Date Published: September 11, 2008
Publisher: BioMed Central
Author(s): Lena Pelander, Ragnvi Hagman, Jens Häggström.
Canine pyometra is a common disease in countries where routine spaying of young dogs is not common practice. This disease is known to lead to systemic inflammation potentially affecting multiple organs in the body, including the heart. Cardiac-specific Troponin I (cTnI) is a sensitive marker of myocardial cell damage, which can result from ischemia, trauma, toxins or inflammation. Dogs with pyometra are also exposed to anaesthesia which can potentially result in myocardial cell damage. The aims of the study were 1) to evaluate the occurrence of myocardial cell damage as indicated by increased serum concentrations of cTnI in dogs with pyometra and relate these to presence of systemic inflammation and 2) to evaluate the change in cTnI-concentrations after anaesthesia and surgery.
Serum cTnI concentration was measured preoperatively and one day after surgery in 46 female dogs with pyometra and 15 female dogs that underwent surgery for other reasons (ovariohysterectomy and mammary tumours).
Forty-six female dogs of different breeds diagnosed with pyometra were included. The dogs had a median age of 8.5 years (IQR 7.5–10) and a median weight of 29 kg (IQR 9–32). Of the 46 dogs, 37 (80%) fulfilled the chosen criteria for systemic inflammatory response syndrome (SIRS) at inclusion. Thirteen (28%) of the dogs had increased cTnI concentrations (> 0.2 μg/l) before surgery and 18 (39%) had increased cTnI-concentrations the day after surgery. The cTnI concentrations in the 13 dogs with increased preoperative cTnI concentrations decreased in 8 dogs, increased in 4 dogs, and was unchanged in one dog. Seven dogs with nondetectable preoperative cTnI concentrations had increased postoperative concentrations. The only significant association between the studied laboratory or clinical variables (including SIRS) and cTnI concentration was preoperative percentage band neutrophils (PBN) and postoperative cTnI concentration (P = 0.016). In total, 20 dogs (43%) had increased pre- or postoperative cTnI concentrations. Seven dogs (15%) had pre-or postoperative concentrations of cTnI of 1.0 μg/l or higher.
Mild to moderate increases in cTnI appears to be common in dogs with pyometra before and after surgery, but the clinical importance of this finding is uncertain. None of the studied clinical variables were found to reliably predict increased preoperative cTnI concentrations. Because of the pre- and postoperative variation in cTnI concentrations, it was not possible to identify a negative effect of anaesthesia and surgery on myocardial cell integrity.
Myocardial damage can be caused by multiple conditions including ischemia, trauma, toxins or inflammation. Cardiac-specific Troponin I (cTnI) is currently the most sensitive and specific marker of myocardial cell damage in the dog [1,2]. Cardiac-specific Troponin I is a protein that is expressed at high concentrations only in the myocardium. When cardiac myocytes are damaged, cTnI leaks into the bloodstream and can be detected in serum [1,3]. In normal dogs serum concentrations of cTnI are low or, most often, undetectable .
This study was approved by the Uppsala County local ethical committee.
In total, 20 out of 46 dogs (43%) with pyometra had increased concentrations of cTnI at some time during the study, which indicates that increased cTnI concentrations are common during the perioperative period in dogs with pyometra. This finding is supported by the results of our previous study in which increased preoperative cTnI concentrations were documented in 12% of 58 dogs with pyometra . The present study is different from our previous one because, to our knowledge, this is the first study that documents both pre-and postoperative measurements of cTnI concentrations in dogs with pyometra. It should be pointed out that only 7 of the 20 dogs with increased concentrations of cTnI (10 out of the total 31 samples with increased concentrations) had values ≥ 1.0 μg/l and none of the dogs measured higher than 13.2 μg/ml, indicating that cTnI concentrations were mildly increased in the majority of cases. The lower limit of detection of cTnI in our assay is 0,2 μg/l. It is possible that the upper reference range for cTnI in dogs is lower than 0,2 μg/l and that a greater number of dogs would have had increased concentrations of cTnI if we had used a more sensitive assay, as recently described .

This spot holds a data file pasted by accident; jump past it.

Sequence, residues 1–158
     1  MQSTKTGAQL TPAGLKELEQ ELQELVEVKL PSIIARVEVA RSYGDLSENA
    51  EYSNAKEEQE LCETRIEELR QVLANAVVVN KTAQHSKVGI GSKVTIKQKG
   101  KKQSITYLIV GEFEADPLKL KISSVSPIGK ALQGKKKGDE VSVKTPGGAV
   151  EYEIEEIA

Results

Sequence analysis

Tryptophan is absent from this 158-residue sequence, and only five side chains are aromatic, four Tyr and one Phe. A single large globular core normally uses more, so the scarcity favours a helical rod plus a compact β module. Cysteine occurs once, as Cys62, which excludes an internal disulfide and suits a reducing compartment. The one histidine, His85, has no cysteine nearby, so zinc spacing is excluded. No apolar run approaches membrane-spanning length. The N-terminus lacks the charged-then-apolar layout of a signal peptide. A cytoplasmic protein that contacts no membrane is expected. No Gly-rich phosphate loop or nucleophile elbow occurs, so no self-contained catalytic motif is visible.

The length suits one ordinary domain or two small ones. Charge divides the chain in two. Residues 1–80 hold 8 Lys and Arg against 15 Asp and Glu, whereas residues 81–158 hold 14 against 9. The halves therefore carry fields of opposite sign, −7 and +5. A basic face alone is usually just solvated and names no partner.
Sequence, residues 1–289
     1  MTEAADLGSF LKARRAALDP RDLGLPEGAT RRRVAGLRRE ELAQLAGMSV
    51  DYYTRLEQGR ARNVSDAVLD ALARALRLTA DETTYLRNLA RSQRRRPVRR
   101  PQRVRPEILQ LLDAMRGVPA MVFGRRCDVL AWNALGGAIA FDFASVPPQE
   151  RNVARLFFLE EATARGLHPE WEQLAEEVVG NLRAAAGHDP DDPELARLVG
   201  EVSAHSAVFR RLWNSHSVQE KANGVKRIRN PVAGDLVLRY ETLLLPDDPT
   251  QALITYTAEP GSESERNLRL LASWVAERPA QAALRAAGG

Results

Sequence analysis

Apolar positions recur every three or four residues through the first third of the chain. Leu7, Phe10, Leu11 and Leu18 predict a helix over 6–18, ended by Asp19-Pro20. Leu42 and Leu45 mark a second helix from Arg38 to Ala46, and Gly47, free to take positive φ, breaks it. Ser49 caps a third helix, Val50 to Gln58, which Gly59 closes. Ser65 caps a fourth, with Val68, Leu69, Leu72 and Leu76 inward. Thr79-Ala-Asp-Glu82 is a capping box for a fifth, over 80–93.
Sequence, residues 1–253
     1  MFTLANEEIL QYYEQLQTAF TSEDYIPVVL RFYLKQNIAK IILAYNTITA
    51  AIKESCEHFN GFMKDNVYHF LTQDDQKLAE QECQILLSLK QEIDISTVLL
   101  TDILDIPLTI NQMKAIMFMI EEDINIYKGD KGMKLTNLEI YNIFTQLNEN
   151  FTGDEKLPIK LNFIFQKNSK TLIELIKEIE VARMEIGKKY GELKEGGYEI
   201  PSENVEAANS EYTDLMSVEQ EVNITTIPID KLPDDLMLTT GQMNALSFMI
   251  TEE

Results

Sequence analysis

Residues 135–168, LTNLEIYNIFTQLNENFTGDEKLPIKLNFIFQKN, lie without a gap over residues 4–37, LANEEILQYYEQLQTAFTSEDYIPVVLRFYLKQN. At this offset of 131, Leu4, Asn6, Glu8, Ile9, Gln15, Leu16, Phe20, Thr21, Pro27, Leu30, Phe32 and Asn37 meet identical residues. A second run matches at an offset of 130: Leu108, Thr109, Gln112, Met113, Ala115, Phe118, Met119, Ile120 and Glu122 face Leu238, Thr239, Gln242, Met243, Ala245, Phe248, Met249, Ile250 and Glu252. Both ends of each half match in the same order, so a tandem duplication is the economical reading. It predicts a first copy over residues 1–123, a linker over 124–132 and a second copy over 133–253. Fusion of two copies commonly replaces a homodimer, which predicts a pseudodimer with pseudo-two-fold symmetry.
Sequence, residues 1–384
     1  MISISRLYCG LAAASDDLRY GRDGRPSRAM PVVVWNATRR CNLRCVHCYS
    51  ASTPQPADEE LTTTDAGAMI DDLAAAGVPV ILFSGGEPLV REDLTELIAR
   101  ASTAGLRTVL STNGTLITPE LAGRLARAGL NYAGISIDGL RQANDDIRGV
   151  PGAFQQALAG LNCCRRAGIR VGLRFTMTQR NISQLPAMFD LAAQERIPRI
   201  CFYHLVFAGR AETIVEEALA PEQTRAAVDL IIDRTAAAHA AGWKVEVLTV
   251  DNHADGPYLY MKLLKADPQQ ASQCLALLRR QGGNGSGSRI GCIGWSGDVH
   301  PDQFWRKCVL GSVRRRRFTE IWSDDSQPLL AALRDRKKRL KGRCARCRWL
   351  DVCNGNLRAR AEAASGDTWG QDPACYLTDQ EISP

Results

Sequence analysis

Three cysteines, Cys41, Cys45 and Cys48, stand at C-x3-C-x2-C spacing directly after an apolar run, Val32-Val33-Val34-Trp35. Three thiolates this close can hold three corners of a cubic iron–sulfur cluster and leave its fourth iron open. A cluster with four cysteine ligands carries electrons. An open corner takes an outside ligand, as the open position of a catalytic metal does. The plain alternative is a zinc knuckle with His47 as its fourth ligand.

Mild to moderate increases in cTnI appears to be common in dogs with pyometra before and after surgery, but the clinical importance of this finding is uncertain. None of the studied clinical variables (including SIRS) were found to reliably predict increased preoperative cTnI concentrations. Because of the pre- and postoperative variation in cTnI concentrations it was not possible to identify a negative effect of anaesthesia and surgery on myocardial cell integrity. Consequently, analysing serum cTnI concentrations from dogs with pyometra could possibly help detect subclinical myocardial damage. Further studies are needed to investigate whether increased concentrations of cTnI are associated with a higher risk of perioperative complications.
The authors declare that they have no competing interests.
LP participated in the design of the study and carried out the practical recruitment of cases. She also drafted the manuscript. RH participated in the design of the study and the manuscript writing. JH participated in the design of the study and performed the statistical analysis. He also parcipitated in the writing of the manuscript. All authors read and approved the final manuscript.